In my opinion, the manufacturers use the term "digital quality sound" to make it sound as though DAB provides CD quality sound, so it's a blatant attempt at conveying the message that DAB provides high audio quality. In reality, that couldn't be further from the truth.
Then there's the claim that the BBC originally began promoting DAB on the basis that it provided higher quality, but as this didn't prove to be very successful the BBC decided to launch new stations instead, and it was this that led to DAB sales taking off. I'm sorry, but that simply isn't remotely true. The BBC had always intended to launch new stations, and there's an article on the BBC website from September 1998, which shows that the BBC was already planning on launching five new stations then, and that was around two years before the first DAB receivers went on sale!
The reason why DAB sales took off was simply because of the saturation TV advertising the BBC lavished on its favoured digital radio system. Over the period from 2002, when the BBC launched its five digital-only stations, up to 2005, the BBC broadcast 19 TV advertising campaigns for DAB. However, as the chart here [top right] shows, as soon as the BBC temporarily stopped broadcasting any TV ad campaigns for DAB in 2006 and 2007, DAB's year-on-year sales growth plummeted, and the sales growth – which is an indicator of how well an emerging technology such as DAB is doing in the marketplace – has continued to slide ever since.
So why was the quality of DAB radio reduced? That still seems to be a key reason for the anti-DAB sentiment that still exists today.
The BBC decided to add five stations to its national DAB multiplex when there was only room to fit two stations in, so the BBC simply chose to degrade the audio quality in order to fit the new stations in. The sad fact is that the reason why DAB receives so much criticism is that there was never actually any need for the broadcasters to degrade the quality in the first place. Development of the AAC audio codec began in 1994, and it was standardised in 1997. So if the BBC executives in charge of planning DAB in the 1990s had actually listened to what the BBC R&D engineers were telling them about the advantages that AAC had to offer, they could have upgraded the DAB system prior to the big launch in 2002, and the audio quality on DAB would have been good today, not poor.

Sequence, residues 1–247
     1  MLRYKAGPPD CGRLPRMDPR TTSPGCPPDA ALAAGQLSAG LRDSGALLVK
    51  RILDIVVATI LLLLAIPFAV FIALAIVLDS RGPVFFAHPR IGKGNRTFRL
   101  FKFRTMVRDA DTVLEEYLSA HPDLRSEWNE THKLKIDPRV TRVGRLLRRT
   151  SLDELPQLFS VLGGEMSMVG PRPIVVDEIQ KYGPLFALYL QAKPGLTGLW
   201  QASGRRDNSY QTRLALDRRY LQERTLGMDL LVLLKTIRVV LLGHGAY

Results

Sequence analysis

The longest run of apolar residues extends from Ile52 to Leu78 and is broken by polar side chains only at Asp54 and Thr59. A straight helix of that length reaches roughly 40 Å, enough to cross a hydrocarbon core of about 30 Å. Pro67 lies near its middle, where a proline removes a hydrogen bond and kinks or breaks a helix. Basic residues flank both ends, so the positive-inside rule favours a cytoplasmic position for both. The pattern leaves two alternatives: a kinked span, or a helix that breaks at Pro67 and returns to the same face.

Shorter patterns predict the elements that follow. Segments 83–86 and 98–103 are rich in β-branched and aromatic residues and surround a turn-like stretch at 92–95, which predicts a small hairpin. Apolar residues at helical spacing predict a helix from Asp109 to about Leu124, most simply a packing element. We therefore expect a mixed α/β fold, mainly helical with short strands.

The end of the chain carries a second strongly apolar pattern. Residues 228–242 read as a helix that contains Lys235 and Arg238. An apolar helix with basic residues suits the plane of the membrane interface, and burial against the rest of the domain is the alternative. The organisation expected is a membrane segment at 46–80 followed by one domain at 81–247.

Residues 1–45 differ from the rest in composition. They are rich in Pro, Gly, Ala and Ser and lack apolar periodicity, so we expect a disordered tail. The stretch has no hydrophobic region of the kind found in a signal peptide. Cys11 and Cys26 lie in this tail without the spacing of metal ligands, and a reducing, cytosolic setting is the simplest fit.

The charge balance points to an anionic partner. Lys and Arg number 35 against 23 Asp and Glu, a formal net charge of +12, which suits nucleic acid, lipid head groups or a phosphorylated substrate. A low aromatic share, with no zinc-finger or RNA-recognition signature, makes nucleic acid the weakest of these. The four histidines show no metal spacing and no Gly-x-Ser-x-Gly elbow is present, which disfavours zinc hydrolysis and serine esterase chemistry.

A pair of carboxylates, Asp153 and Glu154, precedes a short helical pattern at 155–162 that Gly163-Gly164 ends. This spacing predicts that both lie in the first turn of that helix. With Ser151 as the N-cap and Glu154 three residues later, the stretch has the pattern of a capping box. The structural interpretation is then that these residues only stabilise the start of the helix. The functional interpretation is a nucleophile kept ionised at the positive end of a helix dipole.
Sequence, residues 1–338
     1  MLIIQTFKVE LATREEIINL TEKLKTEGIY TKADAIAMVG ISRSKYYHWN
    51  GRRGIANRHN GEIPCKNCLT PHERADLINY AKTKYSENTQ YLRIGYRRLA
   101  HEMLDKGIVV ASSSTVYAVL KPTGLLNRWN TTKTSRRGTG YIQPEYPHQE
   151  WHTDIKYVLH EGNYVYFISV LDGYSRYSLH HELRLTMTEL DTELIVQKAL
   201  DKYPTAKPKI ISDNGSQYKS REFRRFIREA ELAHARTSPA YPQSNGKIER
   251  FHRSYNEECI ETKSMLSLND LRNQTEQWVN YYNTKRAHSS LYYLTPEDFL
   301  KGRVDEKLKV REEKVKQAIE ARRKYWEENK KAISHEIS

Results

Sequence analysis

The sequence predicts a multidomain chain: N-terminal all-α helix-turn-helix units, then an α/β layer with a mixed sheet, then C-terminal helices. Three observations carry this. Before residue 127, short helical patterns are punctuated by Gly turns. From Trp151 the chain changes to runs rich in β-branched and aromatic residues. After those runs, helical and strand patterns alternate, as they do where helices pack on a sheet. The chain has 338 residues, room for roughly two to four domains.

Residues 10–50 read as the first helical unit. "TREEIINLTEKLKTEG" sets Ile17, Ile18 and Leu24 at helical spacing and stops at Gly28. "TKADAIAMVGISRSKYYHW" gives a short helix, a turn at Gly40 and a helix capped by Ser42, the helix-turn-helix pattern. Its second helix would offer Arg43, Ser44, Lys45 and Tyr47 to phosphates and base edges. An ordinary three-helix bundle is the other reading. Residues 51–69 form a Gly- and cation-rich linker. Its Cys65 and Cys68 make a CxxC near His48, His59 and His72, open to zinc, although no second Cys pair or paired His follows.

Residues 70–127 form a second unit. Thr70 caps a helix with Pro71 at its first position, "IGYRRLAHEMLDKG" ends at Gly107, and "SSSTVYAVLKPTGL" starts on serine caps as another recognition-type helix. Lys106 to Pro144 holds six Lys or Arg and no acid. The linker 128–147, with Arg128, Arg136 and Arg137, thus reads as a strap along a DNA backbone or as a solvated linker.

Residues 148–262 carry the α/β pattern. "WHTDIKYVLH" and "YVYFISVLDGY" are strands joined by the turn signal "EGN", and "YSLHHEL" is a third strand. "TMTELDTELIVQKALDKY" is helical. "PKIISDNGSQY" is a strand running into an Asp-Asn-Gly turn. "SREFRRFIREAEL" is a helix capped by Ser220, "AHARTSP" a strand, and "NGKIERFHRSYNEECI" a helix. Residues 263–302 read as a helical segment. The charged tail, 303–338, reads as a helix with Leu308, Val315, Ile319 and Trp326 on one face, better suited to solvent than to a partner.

Do you think DAB would have faired better if they had upgraded the system prior to its launch?
Definitely. Ironically, DAB's current woes are largely attributable to the fact that they didn't upgrade the system when they had the opportunity to do so in the 1990s. Other European countries ended up turning their noses up at using DAB precisely because the technologies it uses are so out of date, which is what led to DAB+ having to be designed in 2006. This led to DAB effectively being a UK-only market in terms of sales, which in turn led to the car and mobile phone manufacturers choosing not to integrate DAB into their products, because they will only integrate Europe-wide standards, not something that's effectively limited to just the UK.